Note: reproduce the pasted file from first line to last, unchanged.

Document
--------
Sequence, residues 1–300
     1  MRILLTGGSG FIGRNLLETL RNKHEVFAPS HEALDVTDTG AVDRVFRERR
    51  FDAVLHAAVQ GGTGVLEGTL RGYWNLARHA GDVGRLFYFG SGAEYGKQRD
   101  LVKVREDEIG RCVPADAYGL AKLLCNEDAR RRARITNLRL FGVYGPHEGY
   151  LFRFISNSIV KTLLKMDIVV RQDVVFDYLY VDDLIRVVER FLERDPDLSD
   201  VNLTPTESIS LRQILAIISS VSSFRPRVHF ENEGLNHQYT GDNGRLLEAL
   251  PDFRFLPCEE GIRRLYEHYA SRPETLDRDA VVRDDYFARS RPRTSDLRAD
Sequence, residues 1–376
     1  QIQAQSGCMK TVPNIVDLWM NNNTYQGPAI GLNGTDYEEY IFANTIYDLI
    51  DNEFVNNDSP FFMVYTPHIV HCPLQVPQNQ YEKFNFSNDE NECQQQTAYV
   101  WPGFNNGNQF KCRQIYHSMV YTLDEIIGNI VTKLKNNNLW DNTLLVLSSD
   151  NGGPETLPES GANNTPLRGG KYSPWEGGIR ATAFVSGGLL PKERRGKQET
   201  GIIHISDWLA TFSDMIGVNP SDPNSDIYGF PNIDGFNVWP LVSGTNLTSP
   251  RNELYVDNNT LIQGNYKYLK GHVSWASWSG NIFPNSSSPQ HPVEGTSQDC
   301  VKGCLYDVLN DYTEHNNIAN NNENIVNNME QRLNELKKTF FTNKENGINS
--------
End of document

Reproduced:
Sequence, residues 1–300
     1  MRILLTGGSG FIGRNLLETL RNKHEVFAPS HEALDVTDTG AVDRVFRERR
    51  FDAVLHAAVQ GGTGVLEGTL RGYWNLARHA GDVGRLFYFG SGAEYGKQRD
   101  LVKVREDEIG RCVPADAYGL AKLLCNEDAR RRARITNLRL FGVYGPHEGY
   151  LFRFISNSIV KTLLKMDIVV RQDVVFDYLY VDDLIRVVER FLERDPDLSD
   201  VNLTPTESIS LRQILAIISS VSSFRPRVHF ENEGLNHQYT GDNGRLLEAL
   251  PDFRFLPCEE GIRRLYEHYA SRPETLDRDA VVRDDYFARS RPRTSDLRAD
Sequence, residues 1–376
     1  QIQAQSGCMK TVPNIVDLWM NNNTYQGPAI GLNGTDYEEY IFANTIYDLI
    51  DNEFVNNDSP FFMVYTPHIV HCPLQVPQNQ YEKFNFSNDE NECQQQTAYV
   101  WPGFNNGNQF KCRQIYHSMV YTLDEIIGNI VTKLKNNNLW DNTLLVLSSD
   151  NGGPETLPES GANNTPLRGG KYSPWEGGIR ATAFVSGGLL PKERRGKQET
   201  GIIHISDWLA TFSDMIGVNP SDPNSDIYGF PNIDGFNVWP LVSGTNLTSP
   251  RNELYVDNNT LIQGNYKYLK GHVSWASWSG NIFPNSSSPQ HPVEGTSQDC
   301  VKGCLYDVLN DYTEHNNIAN NNENIVNNME QRLNELKKTF FTNKENGINS